“You will get other pairs of glasses,” the man says,his voice back down to a mutter like my muttering dad. Now he’s looking down at the grass like he dropped something.

“I always come back here,” he mutters, like he’s talking to himself. “I always come back to this place.”

“I’ve never seen you,” I say. He looks back up at me. The baby is still crying somewhere.

“What I can tell you about the future is that all your glasses will break, actually, one after the other, or else will just not work after a while because your eyes will keep getting worse. Your glasses will get thicker and thicker.” He looks past me. His eyes widen. “Oh. Virginia,” he says. The way he says it, softly but with his voice going squiggly, wavering, it’s like my mom.

That crying baby. I want to do something about it, but I don’t know anything about babies. I try to think about something that I know about.

“I have to go sort my cards,” I say.

I can hear the Toyota Corolla pulling into the drive. There’s a little mist of sadness over everything.

“Butch Edge,” the man says,fading into the nada, the crying.

Chicago, 2012

And the crying gets louder and I’m back at the kitchen counter in front of several small narrowed notebooks with blank pages.

“Butch Edge,” I say.

In 1979, his only major league year, Butch Edge notched three wins. The last was a complete game 3–2 victory over Hall of Famer Jim Palmer and the eventual American League champ Baltimore Orioles. For a moment, the future through thick glasses: not bad. Butch Edge.

I go into the bedroom and take the baby from my wife. I can’t get him to sleep but after a while, through nothing I’m doing or not doing, he stops crying. He loves life, hates to sleep. He reaches for my glasses and pulls them from my face and goes blurry. One of his favorite comedy routines: He takes my glasses, I call him a bully, he laughs. In my arms this being of pure laughing light, free of the future and the past, nada light blue brand new nada. I’ll never know what I’m doing. Blind I hold on.


Alvis Woods

November 9, 2011

The Cardboard Gods Ass Backwards ABCs of Parenting

W Is for Woods

In 1979, the year this card came out, the Iran Hostage Crisis began. I came to this thought recently, when realizing that the era of parenting in my home had passed Day 100, and realizing that I had thought of it that way, as if it were being reported on the nightly news, e.g., “Day 100: Still No Sleep.”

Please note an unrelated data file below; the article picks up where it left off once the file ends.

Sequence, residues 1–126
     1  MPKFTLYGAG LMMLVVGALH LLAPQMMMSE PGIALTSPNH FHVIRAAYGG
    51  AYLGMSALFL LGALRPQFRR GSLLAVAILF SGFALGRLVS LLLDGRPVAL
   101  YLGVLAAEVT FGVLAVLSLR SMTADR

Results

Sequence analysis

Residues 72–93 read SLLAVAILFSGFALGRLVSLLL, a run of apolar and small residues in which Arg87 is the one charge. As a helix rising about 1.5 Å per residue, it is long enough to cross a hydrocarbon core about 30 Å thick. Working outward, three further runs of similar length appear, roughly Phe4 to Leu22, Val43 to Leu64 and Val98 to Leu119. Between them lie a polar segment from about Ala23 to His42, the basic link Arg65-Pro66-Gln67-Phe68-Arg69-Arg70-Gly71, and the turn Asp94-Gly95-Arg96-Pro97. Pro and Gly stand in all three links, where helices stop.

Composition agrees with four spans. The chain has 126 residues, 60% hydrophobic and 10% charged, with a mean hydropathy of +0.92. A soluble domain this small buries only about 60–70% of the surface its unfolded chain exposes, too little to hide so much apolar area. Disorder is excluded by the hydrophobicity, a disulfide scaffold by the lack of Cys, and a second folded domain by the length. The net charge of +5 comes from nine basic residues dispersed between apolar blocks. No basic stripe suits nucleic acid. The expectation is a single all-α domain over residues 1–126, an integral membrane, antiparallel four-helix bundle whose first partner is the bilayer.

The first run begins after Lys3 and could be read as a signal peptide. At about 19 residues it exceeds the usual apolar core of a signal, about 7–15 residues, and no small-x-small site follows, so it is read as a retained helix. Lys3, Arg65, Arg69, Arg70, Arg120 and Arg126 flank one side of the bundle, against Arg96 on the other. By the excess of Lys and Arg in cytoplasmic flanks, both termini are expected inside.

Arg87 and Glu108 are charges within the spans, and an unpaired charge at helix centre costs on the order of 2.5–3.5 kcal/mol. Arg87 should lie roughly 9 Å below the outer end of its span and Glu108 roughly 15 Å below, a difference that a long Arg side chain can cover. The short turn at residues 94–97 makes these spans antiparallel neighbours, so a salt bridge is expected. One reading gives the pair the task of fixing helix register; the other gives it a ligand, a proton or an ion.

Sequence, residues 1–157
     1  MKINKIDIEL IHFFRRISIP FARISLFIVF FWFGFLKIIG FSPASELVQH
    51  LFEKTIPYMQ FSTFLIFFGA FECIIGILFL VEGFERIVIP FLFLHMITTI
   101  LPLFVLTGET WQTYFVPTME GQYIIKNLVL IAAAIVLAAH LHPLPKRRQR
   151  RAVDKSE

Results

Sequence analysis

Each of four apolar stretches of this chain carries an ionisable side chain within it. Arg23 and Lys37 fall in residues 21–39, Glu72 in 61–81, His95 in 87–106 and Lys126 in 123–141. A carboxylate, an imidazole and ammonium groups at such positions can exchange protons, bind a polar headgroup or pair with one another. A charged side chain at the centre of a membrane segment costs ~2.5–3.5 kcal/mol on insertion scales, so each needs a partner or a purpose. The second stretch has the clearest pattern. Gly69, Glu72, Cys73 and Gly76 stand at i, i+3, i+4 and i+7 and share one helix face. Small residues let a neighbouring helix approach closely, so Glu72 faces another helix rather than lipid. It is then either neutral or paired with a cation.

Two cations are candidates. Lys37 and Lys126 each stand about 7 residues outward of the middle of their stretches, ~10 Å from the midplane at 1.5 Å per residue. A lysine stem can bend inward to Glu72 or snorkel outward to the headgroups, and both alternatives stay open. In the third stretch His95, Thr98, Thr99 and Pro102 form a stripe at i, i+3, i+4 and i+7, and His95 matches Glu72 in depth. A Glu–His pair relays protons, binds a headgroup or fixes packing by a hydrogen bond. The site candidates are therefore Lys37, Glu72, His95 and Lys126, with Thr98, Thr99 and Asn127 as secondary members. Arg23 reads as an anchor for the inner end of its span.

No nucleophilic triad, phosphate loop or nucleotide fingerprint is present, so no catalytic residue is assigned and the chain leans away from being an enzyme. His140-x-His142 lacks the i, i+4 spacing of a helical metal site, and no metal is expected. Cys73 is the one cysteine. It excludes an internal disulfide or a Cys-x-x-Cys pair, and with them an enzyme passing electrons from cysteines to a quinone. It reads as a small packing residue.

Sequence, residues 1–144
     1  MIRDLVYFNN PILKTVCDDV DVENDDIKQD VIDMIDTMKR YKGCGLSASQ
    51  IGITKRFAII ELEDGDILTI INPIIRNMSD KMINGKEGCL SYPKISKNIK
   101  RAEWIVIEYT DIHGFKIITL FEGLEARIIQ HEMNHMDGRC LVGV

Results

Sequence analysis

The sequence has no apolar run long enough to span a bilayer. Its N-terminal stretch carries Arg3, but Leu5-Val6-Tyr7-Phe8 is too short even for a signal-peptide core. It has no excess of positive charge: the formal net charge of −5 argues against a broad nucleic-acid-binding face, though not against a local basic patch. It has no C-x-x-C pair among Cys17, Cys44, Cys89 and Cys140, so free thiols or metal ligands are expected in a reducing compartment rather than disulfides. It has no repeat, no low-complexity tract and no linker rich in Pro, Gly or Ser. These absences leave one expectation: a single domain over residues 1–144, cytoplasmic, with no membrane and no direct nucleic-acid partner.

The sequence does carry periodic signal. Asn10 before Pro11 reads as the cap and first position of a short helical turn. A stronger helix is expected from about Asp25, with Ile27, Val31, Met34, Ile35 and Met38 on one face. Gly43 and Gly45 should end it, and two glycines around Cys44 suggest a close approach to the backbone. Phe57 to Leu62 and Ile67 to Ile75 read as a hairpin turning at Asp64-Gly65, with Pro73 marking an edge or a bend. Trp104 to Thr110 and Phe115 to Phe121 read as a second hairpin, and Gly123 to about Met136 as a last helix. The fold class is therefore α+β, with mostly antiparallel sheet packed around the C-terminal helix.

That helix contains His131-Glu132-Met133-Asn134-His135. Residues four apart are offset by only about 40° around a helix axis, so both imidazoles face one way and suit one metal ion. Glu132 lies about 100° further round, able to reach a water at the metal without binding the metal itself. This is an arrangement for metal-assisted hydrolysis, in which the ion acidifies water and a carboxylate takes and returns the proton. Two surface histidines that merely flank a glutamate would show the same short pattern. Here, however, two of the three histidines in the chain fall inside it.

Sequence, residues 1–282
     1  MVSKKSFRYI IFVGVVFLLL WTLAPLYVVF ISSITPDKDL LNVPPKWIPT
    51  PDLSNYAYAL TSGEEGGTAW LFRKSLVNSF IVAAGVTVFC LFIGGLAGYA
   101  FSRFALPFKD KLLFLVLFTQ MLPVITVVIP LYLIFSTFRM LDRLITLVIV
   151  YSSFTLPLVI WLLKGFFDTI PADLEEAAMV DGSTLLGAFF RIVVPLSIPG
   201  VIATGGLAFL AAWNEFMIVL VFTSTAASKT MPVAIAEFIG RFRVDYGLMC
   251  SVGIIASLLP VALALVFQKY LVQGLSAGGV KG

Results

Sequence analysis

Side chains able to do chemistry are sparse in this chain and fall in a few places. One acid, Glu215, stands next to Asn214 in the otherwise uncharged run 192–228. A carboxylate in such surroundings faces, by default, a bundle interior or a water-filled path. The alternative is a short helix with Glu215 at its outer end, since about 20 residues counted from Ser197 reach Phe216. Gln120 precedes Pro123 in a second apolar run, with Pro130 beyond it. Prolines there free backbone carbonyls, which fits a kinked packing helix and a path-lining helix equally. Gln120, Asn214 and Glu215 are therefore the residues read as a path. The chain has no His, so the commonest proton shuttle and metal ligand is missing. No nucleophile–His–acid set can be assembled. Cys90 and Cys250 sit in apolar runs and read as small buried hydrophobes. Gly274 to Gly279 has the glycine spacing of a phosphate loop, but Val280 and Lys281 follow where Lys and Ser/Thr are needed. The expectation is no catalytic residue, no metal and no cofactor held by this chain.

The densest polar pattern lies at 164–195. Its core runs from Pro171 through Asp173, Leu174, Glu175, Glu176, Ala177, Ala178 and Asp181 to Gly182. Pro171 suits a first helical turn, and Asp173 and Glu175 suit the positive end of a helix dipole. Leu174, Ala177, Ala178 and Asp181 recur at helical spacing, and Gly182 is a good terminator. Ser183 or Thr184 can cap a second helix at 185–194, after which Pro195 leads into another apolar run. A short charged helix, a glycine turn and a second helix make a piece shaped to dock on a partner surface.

The Iran Hostage Crisis went on through the end of 1979 and through 1980 and into 1981. It was one of my first experiences in following a news story for an extended period of time, though earlier in 1979 I had also been aware that Skylab was plummeting to the earth in chunks and that the Three Mile Island nuclear plant was oozing deadly radiation.

The best moment of Alvis Woods’ professional career had already come and gone in a flash by 1979. You can sense this in his 1979 card. He is being surrendered back into the gray from which he came.

He’d been a minor leaguer for some years when he was selected with other odds and ends in the November 1976 expansion draft that breathed mediocre life into the Seattle Mariners and Toronto Blue Jays. He was the eighth player taken by the Blue Jays, who had already nabbed another outfielder named Woods (Gary) with their fourth pick. Alvis Woods didn’t get a start in the team’s first game, but he entered as a pinch-hitter in the sixth inning and homered. This first big league at-bat for Alvis Woods, in the first game of a brand new team, must have passed by like lightning. I wonder what is left of the moment. Woods played for a few more seasons for Toronto, toiled back in the minors for a few more, then resurfaced for a brief stint with the Twins in 1986. He was a decent hitter, but he didn’t seem to have had any moments that would have topped that first one. What does he remember of it?

I don’t know what I’ll remember of these first months as a father. A few nights ago at dinner we set the baby down in a high chair. It was a first. To this point we have had to eat in shifts designed so that the parent who isn’t shoveling down food can hold the baby and attempt to keep him from becoming loudly and heart-breakingly unhappy, but last night we realized he was okay with sitting in his little chair even though he’s too young to really sit up on his own but okay with the slanted back of the chair propping him, so we sat at the table like humans and ate and he looked at a book made of soft cloth about bears. It was a peaceful moment. It made me want to aim my gratitude somewhere. I’ll aim it now, while thinking again of the moment, at Alvis Woods. These are the only gods I’ll ever worship, I guess. It’s been this way since I was a kid. So thank you, Alvis Woods.